In California, the year kicked off with long queues of eager customers waiting in the dark; outside medical cannabis dispensaries for their “budtenders” to open doors and allow them to start shopping when the clock ticks midnight.
And this year, the effect has gone far beyond the marijuana cash register. We have all come across the ads or heard the rumor— even minors have, yet the drug remains illegal for under 21s.
“As you leave SFO [San Francisco] airport, you see prominent billboards for Eaze [a surfacing weed delivery service] with the message ‘Marijuana is here,’” says Danielle Ramo, an Adolescent Drug Use psychologist from the University of California-San Francisco. “Did parents expect to see so many images of weed all over?”
With the surfacing of legal recreational cannabis imminent in more American states, drug prevention education has evolved significantly with most schools dropping the archaic “Just Say No” slogan for an approach that may be more effective for a Marijuana POB era where weed is readily accessible. This new strategy emphasizes decision-making and critical thinking rather than insisting on abstinence.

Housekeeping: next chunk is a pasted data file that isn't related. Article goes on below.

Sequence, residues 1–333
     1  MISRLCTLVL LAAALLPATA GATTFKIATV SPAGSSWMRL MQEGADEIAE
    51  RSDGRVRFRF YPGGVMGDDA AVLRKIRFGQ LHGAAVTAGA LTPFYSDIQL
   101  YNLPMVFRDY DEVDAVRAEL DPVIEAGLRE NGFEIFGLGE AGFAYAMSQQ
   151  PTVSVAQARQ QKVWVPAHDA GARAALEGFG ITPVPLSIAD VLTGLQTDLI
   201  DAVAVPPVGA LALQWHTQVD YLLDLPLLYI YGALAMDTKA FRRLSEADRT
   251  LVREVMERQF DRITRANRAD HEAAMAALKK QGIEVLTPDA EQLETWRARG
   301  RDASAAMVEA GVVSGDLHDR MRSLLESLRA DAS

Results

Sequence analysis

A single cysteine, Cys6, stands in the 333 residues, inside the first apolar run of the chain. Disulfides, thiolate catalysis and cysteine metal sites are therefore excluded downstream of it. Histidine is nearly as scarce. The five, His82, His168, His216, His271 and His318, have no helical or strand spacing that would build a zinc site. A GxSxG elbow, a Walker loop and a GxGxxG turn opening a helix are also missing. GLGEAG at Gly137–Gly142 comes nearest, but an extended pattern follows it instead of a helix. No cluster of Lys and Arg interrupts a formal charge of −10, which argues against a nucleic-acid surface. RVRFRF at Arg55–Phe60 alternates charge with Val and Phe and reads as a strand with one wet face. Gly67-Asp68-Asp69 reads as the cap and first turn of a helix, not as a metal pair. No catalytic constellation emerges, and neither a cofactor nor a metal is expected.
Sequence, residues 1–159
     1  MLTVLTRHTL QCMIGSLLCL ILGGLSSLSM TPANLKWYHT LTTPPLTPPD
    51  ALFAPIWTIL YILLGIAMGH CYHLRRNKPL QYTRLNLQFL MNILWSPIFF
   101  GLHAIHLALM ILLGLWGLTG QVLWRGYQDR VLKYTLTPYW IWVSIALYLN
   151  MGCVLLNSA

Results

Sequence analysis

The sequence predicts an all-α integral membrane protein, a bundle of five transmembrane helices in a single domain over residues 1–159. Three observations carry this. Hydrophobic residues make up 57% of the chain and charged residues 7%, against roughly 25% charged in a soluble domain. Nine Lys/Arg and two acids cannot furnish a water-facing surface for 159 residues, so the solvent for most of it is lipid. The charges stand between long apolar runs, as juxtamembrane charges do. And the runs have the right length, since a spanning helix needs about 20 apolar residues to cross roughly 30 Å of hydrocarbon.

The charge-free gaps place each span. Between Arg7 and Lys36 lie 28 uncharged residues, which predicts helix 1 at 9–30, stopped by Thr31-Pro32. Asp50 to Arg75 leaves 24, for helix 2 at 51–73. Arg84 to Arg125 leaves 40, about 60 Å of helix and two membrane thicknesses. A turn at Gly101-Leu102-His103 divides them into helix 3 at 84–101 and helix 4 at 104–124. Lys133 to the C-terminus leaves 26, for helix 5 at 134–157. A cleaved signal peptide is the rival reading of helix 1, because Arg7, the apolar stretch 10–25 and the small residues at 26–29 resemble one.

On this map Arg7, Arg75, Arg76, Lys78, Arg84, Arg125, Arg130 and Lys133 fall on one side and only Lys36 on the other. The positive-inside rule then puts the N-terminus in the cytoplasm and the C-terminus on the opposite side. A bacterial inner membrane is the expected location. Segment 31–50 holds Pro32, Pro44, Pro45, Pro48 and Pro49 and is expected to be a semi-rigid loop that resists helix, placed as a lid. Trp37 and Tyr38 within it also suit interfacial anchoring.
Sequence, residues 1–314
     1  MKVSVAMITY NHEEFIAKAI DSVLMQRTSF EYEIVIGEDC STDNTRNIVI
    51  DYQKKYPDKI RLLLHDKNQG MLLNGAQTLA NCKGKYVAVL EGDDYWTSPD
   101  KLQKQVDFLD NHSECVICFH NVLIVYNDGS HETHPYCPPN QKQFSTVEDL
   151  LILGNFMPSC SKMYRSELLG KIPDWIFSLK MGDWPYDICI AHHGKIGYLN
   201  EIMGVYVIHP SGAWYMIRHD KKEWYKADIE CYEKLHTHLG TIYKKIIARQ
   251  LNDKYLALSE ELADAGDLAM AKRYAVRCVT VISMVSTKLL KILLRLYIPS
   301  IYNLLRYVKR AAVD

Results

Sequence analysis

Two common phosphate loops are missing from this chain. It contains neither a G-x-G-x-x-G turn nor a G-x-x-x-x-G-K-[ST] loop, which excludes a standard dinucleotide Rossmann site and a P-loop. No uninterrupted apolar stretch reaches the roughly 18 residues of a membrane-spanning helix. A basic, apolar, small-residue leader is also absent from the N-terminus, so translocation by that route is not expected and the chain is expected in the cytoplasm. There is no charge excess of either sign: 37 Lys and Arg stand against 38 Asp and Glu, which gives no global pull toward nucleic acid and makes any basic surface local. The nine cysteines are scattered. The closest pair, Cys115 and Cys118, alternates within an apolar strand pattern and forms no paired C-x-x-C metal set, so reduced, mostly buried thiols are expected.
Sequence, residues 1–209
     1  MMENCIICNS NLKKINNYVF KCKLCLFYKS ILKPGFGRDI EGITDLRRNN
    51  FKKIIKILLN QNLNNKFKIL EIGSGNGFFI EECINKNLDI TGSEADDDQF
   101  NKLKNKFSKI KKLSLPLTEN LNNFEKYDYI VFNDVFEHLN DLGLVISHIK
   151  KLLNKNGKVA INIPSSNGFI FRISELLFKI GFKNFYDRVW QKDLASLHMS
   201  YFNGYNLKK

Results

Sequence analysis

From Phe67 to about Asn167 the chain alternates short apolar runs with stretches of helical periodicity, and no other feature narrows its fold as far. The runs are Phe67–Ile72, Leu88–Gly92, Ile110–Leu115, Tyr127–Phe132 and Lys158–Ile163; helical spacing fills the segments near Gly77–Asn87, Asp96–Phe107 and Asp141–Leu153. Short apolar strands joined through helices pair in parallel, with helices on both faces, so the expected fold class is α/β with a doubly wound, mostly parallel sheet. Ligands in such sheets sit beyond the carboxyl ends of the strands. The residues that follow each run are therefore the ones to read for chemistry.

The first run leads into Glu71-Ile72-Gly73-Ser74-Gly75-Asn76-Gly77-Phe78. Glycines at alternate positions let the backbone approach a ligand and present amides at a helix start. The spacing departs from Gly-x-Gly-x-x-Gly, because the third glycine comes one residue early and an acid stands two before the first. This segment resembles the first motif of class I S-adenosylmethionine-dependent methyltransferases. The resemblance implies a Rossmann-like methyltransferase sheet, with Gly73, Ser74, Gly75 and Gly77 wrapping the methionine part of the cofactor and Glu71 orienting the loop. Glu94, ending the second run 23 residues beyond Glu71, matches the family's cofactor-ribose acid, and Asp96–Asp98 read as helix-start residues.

One tactic they are adopting is the Being Adept curriculum. It is a proof-based course that has been in use by over 20 schools in San Francisco. This method along with other new-era drug education skills is based on decades of painstaking effectiveness research and current teaching practices.
The egg in a frying pan advert accompanied with the words “This is your brain on drugs,“ is no longer useful in drug education campaigns.
According to Ramo, “These are scare tactics are no longer effective. Today, school-based prevention is taking a very different mindset.”
In other words, more focus is now on facts, and not fear. What’s more, educators have realized that the conspicuously simplistic slogans like “Just say no” are no longer efficient. It is no wonder teachers are now urging students to check up data, contemplate on motives, talk about risks and think about on their goals and values.
The bottom line
Teachers are now expected to give engaging illustrations of the perceived dangerous effects of the drugs on the body while encouraging participation and allowing facts to unfold to the students. This means you are not merely going to tell the adolescent that his or her brain will resemble a frying egg when on drugs but you will give a demonstration of what takes place in the brain when someone is on drugs.